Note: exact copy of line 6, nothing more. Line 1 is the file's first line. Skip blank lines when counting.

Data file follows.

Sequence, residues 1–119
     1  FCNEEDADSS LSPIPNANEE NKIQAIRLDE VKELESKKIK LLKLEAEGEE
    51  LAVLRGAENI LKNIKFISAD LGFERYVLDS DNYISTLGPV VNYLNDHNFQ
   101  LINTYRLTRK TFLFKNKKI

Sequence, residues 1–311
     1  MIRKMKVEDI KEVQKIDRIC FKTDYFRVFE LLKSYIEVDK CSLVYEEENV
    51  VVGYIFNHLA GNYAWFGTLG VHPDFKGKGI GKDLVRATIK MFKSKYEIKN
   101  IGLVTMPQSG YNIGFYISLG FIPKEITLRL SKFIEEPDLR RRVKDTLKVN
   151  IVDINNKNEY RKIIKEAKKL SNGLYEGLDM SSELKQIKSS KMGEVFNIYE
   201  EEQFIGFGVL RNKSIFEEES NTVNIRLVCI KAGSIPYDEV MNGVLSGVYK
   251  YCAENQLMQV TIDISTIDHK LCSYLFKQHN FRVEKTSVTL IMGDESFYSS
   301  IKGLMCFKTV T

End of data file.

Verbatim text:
     1  MIRKMKVEDI KEVQKIDRIC FKTDYFRVFE LLKSYIEVDK CSLVYEEENV